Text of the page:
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  April 24, 1999

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Heaven gains a champ
By BRET "THE HITMAN" HART -- For The Calgary Sun
  Mr. Richard Erwin Rood, aka (Ravishing Rick Rude), age 40, of Alpharetta Ga., died (of a heart attack) on April 20, 1999. He is survived by wife Michelle, daughter Merissa, and sons Richard Ryan Rood and Colton Rood.

 -- Atlanta Journal-Constitution

 'I can't believe the news today.

 I'd like to close my eyes and make it go away

 How long, how long must we sing this song?'

 -- U2

 Sunday Bloody Sunday

 I am a year his senior. We travelled the same roads.

 Now he walks with angels.

 There but for the grace of God go I.

 Rick Rude was anything but ... rude.

 In any circle of friends and phonies, you take the good with the bad.

 And the bad makes you appreciate the good even more.

 At the height of my road days, when 300 fights in 300 towns a year was normal, strangers became family and family became strangers. You can't pick your family but you can pick your friends. Rick Rude was one of the best picks I ever made.

 He was a smile on my face and everybody else's. He got a big kick out of my drawings so this one's for him, because I think he'd like it.

 He was a great family man. He loved his wife. He was one of those kind of guys who never took his wedding ring off. He put a white piece of tape around it when he went into the ring. He was the kind of guy that when you needed someone to back you up, he wouldn't flinch at all. Not for money. Not for anything.

 When McMahon and his sidemen barged into my dressing room in Montreal, Rick was there. He was one of the guys who refused to budge. Refused to allow me to be put in a compromising position.

 Rick Rude stayed there to make sure my back was watched.

 There were -- and are -- some people who think the whole thing that happened between McMahon and I was a hoax.

 Rick was the one who called Eric Bischoff and said 'I was there. I was in the room and this is what happened.'

 When I was forming new business relationships in WCW, Rude's call protected me and saved me from a lot of doubt because even Eric Bischoff had to question whether this was a set-up or not. I was always grateful to Rick for making that call and for being with me in the room that day.

 You statisticians, be sure to note that Rick Rude is the only guy who managed to appear on both Raw and Nitro at the same time -- because Raw was taped in advance on the night Rick showed up for a live Nitro and told the world that what McMahon did to me was real and wrong.

 I'd like to think Rick was defending me -- and he was -- but what he was really defending was 'time-honoured tradition.'

 The irony is that at the height of his popularity, Rick's Ravishing character, the sexy playboy with the gyrating hips, caused a stir with some conservative viewers, which Rick actually found amusing and took as a compliment because it was sort of like being compared to Elvis on Ed Sullivan. With overt sexuality accepted (by some, but not by me) in wrestling today, it's hard to believe that Ravishing Rick was a controversial cutting edge character only a few years ago.

 The difference is that Rick did it with class. With taste. Your kids could watch him.

 Mine did. They looked up to Rick Rude as a great wrestler and when he came to visit our house, they found out he was also a great man. When my oldest son, Dallas, was a little kid, his mean imitation of Ravishing Rick couldn't be beat.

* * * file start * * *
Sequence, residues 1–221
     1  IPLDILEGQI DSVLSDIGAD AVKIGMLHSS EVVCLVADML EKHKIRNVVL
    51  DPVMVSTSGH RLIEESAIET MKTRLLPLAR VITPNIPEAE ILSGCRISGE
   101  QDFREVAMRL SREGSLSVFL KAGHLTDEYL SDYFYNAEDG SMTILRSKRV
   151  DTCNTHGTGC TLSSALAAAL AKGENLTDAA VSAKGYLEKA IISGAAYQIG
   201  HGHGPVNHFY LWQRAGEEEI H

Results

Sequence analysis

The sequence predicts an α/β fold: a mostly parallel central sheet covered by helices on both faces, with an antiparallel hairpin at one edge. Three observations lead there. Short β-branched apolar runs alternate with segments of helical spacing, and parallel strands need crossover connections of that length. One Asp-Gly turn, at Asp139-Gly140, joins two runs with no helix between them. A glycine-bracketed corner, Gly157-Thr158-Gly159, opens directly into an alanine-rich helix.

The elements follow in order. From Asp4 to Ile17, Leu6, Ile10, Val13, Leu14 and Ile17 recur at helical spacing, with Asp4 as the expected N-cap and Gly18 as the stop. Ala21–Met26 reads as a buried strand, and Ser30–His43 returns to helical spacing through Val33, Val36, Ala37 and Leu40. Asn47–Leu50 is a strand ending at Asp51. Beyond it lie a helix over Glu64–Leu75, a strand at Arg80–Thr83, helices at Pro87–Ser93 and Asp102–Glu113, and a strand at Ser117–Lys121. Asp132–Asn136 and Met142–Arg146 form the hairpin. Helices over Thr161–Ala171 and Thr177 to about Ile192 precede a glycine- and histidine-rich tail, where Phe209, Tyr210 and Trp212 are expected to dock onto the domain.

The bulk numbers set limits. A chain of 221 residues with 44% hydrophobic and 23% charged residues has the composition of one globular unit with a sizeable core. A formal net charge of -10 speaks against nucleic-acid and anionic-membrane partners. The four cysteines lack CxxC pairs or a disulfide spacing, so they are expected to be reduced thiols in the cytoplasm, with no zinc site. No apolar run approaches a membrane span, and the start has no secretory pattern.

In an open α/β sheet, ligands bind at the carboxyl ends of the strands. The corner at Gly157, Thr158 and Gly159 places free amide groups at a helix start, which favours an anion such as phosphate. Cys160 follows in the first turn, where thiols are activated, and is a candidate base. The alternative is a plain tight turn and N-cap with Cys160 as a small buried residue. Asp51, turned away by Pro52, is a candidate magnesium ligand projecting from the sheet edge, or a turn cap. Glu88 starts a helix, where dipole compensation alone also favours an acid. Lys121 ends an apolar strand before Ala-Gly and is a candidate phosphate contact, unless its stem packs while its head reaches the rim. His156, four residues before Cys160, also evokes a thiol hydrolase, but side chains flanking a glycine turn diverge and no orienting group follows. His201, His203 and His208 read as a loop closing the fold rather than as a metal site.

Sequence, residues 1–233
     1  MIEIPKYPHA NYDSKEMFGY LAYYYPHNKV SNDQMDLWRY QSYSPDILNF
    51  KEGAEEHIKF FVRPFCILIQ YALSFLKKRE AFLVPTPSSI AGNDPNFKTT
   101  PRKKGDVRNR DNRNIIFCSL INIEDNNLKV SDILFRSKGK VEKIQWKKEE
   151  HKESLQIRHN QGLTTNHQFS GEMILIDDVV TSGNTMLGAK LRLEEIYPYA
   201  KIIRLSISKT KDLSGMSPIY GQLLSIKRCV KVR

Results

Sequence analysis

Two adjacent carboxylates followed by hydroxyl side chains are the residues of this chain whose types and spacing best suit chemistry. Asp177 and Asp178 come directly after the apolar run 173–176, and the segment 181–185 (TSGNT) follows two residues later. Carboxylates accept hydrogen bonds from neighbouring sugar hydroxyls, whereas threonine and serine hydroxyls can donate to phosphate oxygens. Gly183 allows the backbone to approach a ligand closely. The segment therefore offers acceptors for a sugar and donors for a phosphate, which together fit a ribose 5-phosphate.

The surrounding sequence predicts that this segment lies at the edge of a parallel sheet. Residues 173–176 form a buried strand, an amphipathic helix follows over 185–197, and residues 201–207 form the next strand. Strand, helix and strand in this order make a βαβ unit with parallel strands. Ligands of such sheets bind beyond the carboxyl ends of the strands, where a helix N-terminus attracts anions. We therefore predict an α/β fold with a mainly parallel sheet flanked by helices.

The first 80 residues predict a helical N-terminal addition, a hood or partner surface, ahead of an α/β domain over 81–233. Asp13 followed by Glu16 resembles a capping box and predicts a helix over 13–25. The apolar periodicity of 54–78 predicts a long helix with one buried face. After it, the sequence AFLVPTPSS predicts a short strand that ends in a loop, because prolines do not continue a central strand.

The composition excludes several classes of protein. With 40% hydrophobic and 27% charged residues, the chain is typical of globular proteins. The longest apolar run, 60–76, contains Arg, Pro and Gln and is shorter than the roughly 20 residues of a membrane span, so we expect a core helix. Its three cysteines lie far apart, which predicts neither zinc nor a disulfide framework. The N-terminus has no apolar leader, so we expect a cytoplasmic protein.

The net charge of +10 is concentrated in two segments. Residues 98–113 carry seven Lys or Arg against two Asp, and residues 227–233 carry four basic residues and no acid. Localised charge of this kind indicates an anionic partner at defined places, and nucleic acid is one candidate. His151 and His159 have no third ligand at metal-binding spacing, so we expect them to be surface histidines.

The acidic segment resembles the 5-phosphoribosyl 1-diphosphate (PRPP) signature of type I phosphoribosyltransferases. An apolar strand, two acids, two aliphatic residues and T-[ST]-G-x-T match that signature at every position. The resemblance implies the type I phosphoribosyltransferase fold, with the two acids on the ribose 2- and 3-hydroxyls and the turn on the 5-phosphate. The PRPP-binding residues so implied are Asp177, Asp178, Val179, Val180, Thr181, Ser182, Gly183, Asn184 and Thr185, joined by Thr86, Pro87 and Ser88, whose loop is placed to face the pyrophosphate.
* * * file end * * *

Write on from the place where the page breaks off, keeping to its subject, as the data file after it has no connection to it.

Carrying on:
I don't know if there's any great cosmic reasoning that can help a kid understand why dad is in another place.

 I only know that while he was here, Rick Rude was a great role model to his kids, to kids around the world, and to those who forgot that how you play the game is more important than winning it. But make no mistake about it, Rick Rude was a winner.

 Rick was world class heavyweight champion in the southern U.S. when McMahon signed him at the height of the '80s wrestling boom. He was a successful intercontinental champion during a hot feud with the Ultimate Warrior, which culminated in a world title cage match at SummerSlam '90. Rude lost. He went to WCW and held the U.S. title, beating a feisty, up and coming guy then known as 'Stunning' Steve Austin.

 No doubt Stone Cold learned a lot wrestling against Ravishing Rick that day.

 And ... Rick Rude beat The Hitman the only time I ever fought him. (Italy, 1989). I was making the transition from tags to singles and I don't know if it was that Rick wanted to see what I had or show me what I needed.

 I always knew he was tough but that's the day I found out that he always gave 110%, no matter how the small the town or if the cameras weren't rolling.

 Ravishing Rick vs. The Hitman is one of those rare lost classics.

 The 'lost classics'. Brian. Kerry. Bravo. Adrian. JYD. Studd. Andre ... the list goes on so long it's scary. So many. So young. So talented. So needed. So missed.

 I was going to say I'd give anything to be at the strategy meeting I know they're having but ... I'll stay here and be a 'fat, out of shape, sweathog' just trying to do what's right. And what's right is not to let what they lived for -- and died for -- decay any further, until there's no respect left for wrestling's fallen heroes.

 'I don't believe it's all for nothing

 It's not just written in the sand

 Fallen Angel

 Casts a shadow up against the Sun

 If my eyes could see

 The Spirit of the chosen one

 In my dream the pipes were playin'

 In my dream I lost a friend

 Come down Gabriel and blow your horn

 'Cause some day we will meet again.'

 -- Robbie Robertson,

 Fallen Angel

April 21, 1999: Fellow wrestlers remember Rude

More on Bret Hart

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